If my son got a citation but they never put his DL number or SSN in it, can the citation be dismissed?

UPDATED: Aug 6, 2012

Advertiser Disclosure

It’s all about you. We want to help you make the right legal decisions.

We strive to help you make confident insurance and legal decisions. Finding trusted and reliable insurance quotes and legal advice should be easy. This doesn’t influence our content. Our opinions are our own.

UPDATED: Aug 6, 2012Fact Checked

Get Legal Help Today

Compare Quotes From Top Companies and Save

secured lock Secured with SHA-256 Encryption

If my son got a citation but they never put his DL number or SSN in it, can the citation be dismissed?

My son was at a lake with friends. He was cited for underage consumption of alcohol. When my son and his friend showed up at the house after a walk the police were there and made them both take breathalyzer tests. My sons BAC was 0.08 and his friends was 0.03. Legal limit is 0.00 for a minor from my understanding. The police officer cited my son but not his friend. He never asked my son for ID and did not fill out the citation in detail. Missing his DL number and SSN. Also put down the wrong address. Plus, no BAC level on the ticket. Can this be dismissed in court?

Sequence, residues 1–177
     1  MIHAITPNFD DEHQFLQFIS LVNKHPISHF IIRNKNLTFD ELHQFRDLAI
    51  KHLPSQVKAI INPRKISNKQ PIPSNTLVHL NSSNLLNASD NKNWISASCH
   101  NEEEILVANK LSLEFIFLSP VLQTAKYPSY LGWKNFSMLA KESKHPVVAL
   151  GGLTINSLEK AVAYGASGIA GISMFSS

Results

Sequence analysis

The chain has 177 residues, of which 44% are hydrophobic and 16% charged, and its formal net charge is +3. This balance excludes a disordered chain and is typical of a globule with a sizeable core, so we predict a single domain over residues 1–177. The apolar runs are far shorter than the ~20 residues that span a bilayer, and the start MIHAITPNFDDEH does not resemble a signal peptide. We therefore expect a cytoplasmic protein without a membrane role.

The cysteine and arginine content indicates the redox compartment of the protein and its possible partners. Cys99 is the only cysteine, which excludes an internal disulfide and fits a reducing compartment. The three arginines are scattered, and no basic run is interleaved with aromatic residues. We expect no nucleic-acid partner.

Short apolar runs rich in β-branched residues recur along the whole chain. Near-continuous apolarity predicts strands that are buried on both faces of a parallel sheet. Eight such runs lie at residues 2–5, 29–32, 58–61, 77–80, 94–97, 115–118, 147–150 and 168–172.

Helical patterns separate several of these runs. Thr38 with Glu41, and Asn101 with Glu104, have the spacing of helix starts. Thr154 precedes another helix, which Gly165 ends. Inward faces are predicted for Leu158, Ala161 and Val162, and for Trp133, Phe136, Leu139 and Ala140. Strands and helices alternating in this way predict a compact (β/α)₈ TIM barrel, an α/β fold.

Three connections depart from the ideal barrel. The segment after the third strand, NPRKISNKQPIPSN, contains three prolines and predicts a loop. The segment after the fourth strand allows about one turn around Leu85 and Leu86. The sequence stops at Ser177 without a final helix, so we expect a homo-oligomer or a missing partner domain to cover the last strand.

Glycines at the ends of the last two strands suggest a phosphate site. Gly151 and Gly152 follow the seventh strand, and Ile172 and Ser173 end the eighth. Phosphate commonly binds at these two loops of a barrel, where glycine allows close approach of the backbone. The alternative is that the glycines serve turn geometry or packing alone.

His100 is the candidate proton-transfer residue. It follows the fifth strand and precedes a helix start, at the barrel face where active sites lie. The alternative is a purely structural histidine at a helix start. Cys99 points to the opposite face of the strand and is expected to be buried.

Asked on August 6, 2012 under Criminal Law, Arizona


FreeAdvice Contributing Attorney / FreeAdvice Contributing Attorney

Answered 10 years ago | Contributor

Just because your son's citation does not have his driver's license number on it as well as his social security number, such in and of itself does not result in an automatic dismissal of it. However, since the citation has no blood alcohol level on it, the district attorney's office will have a very hard time proving its case against your son for being a minor consuming alcohol. I suggest that you consult with a criminal defense attorney to assist your son in his matter.

IMPORTANT NOTICE: The Answer(s) provided above are for general information only. The attorney providing the answer was not serving as the attorney for the person submitting the question or in any attorney-client relationship with such person. Laws may vary from state to state, and sometimes change. Tiny variations in the facts, or a fact not set forth in a question, often can change a legal outcome or an attorney's conclusion. Although AttorneyPages.com has verified the attorney was admitted to practice law in at least one jurisdiction, he or she may not be authorized to practice law in the jurisdiction referred to in the question, nor is he or she necessarily experienced in the area of the law involved. Unlike the information in the Answer(s) above, upon which you should NOT rely, for personal advice you can rely upon we suggest you retain an attorney to represent you.

Get Legal Help Today

Find the right lawyer for your legal issue.

secured lock Secured with SHA-256 Encryption